After experiencing an unplanned pregnancy, you have chosen domestic infant adoption as the next course of action. Among meetings with social workers, your adoption agency and taking the steps to maintain a healthy pregnancy, you will also need to start thinking about who will adopt your child. This can be an overwhelming process, as there are hundreds of families hoping for a child, but only a handful that will best meet your standards, and be able to provide the life you wish for your child.
While all birthparents want the best future for their child, many are unsure of what type of family they wish to place with.
Close your eyes and envision a day in your child’s life. What does he or see when she wakes up in the morning and looks out the bedroom window? Skyscrapers? A beach? Houses? A farm? Who is there to greet them when they go to the kitchen? A mother and a father? Extended family? Brothers and sisters? What about pets? Try to imagine your child’s life 18-20 years from now. What are they doing? Are they attending college, traveling the world, or helping out the family business?
Finding out you are pregnant when you were not planning to have a child can be a frightening experience. As reality sets in, you will have many decisions to make when planning a future for you and your child. Take a deep breath - you have options. If you are experiencing an unplanned pregnancy and think adoption may be your best option, carefully consider what it really means and the steps it takes to complete the adoption process. In the end, you may find out that adoption may or may not be the best choice.
So why do birthparents choose adoption, anyway? Birthparents place their children for adoption for any number of reasons. Perhaps you do not have the financial resources to care for yourself and a child. Maybe you already have children and cannot afford to properly raise another. Perhaps your relationship with the birth father is not stable, safe or healthy. Whatever your reason for placing may be, adoption is a huge life decision, and should be treated with careful thought and consideration.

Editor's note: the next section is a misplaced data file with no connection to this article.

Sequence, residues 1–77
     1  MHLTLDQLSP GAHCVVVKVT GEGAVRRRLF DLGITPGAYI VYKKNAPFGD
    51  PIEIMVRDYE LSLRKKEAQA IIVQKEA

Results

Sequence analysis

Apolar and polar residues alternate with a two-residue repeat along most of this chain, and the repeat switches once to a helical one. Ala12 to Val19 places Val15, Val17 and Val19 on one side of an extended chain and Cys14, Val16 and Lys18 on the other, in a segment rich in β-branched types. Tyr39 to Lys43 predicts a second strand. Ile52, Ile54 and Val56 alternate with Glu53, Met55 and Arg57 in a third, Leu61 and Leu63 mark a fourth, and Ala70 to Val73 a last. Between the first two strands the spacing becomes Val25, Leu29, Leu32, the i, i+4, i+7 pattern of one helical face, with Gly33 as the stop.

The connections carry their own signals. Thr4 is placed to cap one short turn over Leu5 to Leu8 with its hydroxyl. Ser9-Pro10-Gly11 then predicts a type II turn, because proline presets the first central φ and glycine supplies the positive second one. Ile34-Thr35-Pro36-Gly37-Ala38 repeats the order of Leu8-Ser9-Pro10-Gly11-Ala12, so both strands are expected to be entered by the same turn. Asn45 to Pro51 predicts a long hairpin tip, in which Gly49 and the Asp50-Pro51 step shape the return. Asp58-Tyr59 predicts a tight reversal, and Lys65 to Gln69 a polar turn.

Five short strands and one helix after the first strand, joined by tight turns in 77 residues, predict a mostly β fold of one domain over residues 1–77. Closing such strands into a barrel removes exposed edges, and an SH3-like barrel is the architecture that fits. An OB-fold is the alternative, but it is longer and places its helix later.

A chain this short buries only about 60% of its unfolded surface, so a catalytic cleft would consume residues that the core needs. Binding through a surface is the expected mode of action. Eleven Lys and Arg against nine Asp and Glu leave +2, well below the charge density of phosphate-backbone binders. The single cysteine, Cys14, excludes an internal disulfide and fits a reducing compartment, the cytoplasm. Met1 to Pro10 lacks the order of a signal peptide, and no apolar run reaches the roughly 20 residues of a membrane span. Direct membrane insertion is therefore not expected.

In the early days of adoption, Dear Birth Mother letters were single-page biographies. Today, the competition has heated up, and the number of prospective parents continues to grow. Recent studies show that for every newborn, there are nearly forty adoptive parents searching. Every type of family you can imagine is hoping for a child —married, unmarried, LGBT couples, and single individuals.
So, how do you write the Dear Birth Mother letter that will enchant the right birthmother for you? For starters, be confident and honest. If adoption is your dream, you will find out very quickly that the words will start flowing once you begin. At LifeLong Adoptions, we want you to be happy with your Dear Birth Mother letter. When writing yours, be sure to use these five necessary tips.
According to the Centers of Disease Control and Prevention (CDC) nearly 4 million women give birth each year. Out of those 4 million, nearly one third of them will have some kind of pregnancy related complication. While some complications occur from actions that are out of the mother’s control, many happen simply because the mother is unaware of the type of care she needs. If you are experiencing an unplanned pregnancy, it’s important that you learn how to properly care for yourself and your child before and after delivery.